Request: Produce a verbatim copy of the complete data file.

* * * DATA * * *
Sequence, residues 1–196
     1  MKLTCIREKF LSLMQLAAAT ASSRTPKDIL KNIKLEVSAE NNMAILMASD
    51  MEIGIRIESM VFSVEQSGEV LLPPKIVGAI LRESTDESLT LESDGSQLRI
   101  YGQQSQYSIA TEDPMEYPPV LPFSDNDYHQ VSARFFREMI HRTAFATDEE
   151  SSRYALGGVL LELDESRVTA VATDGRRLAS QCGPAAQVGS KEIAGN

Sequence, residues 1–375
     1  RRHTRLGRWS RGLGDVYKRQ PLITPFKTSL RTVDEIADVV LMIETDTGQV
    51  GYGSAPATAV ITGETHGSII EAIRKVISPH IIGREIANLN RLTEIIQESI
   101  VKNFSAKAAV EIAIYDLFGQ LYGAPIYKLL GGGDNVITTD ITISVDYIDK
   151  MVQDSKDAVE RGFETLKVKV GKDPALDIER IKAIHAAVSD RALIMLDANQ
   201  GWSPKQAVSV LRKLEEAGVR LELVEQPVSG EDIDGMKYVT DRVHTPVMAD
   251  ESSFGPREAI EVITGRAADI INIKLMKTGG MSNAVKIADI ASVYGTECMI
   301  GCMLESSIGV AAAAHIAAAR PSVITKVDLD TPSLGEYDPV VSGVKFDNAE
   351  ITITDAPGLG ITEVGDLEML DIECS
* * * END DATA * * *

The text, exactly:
Sequence, residues 1–196
     1  MKLTCIREKF LSLMQLAAAT ASSRTPKDIL KNIKLEVSAE NNMAILMASD
    51  MEIGIRIESM VFSVEQSGEV LLPPKIVGAI LRESTDESLT LESDGSQLRI
   101  YGQQSQYSIA TEDPMEYPPV LPFSDNDYHQ VSARFFREMI HRTAFATDEE
   151  SSRYALGGVL LELDESRVTA VATDGRRLAS QCGPAAQVGS KEIAGN

Sequence, residues 1–375
     1  RRHTRLGRWS RGLGDVYKRQ PLITPFKTSL RTVDEIADVV LMIETDTGQV
    51  GYGSAPATAV ITGETHGSII EAIRKVISPH IIGREIANLN RLTEIIQESI
   101  VKNFSAKAAV EIAIYDLFGQ LYGAPIYKLL GGGDNVITTD ITISVDYIDK
   151  MVQDSKDAVE RGFETLKVKV GKDPALDIER IKAIHAAVSD RALIMLDANQ
   201  GWSPKQAVSV LRKLEEAGVR LELVEQPVSG EDIDGMKYVT DRVHTPVMAD
   251  ESSFGPREAI EVITGRAADI INIKLMKTGG MSNAVKIADI ASVYGTECMI
   301  GCMLESSIGV AAAAHIAAAR PSVITKVDLD TPSLGEYDPV VSGVKFDNAE
   351  ITITDAPGLG ITEVGDLEML DIECS